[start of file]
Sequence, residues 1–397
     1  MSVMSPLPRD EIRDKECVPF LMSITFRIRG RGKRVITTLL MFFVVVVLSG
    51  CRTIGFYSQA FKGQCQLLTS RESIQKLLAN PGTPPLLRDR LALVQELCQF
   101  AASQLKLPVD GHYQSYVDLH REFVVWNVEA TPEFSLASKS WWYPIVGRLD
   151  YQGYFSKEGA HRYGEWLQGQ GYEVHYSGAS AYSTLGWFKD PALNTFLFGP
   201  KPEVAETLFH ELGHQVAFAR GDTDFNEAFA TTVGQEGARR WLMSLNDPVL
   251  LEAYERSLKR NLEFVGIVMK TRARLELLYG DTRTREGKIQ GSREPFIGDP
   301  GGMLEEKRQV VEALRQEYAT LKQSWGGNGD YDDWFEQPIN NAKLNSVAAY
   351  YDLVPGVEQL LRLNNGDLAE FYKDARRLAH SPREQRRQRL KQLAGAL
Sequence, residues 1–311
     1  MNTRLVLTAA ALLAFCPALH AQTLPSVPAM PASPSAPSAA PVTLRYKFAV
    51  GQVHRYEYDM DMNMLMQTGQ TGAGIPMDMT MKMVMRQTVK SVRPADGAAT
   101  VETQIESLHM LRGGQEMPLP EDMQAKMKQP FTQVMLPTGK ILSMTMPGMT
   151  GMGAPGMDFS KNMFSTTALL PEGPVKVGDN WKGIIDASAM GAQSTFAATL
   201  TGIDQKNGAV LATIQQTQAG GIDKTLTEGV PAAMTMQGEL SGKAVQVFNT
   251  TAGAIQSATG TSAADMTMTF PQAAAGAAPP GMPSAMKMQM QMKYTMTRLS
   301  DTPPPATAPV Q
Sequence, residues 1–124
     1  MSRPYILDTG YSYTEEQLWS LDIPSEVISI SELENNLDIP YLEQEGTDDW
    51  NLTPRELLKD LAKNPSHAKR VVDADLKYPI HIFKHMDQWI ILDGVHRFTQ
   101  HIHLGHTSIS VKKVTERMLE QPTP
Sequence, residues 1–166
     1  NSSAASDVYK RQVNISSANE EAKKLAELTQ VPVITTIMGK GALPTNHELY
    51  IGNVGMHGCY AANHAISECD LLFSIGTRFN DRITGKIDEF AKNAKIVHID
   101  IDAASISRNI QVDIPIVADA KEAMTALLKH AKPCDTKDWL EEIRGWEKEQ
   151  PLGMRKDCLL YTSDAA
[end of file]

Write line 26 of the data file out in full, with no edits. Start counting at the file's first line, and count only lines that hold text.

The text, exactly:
   151  PLGMRKDCLL YTSDAA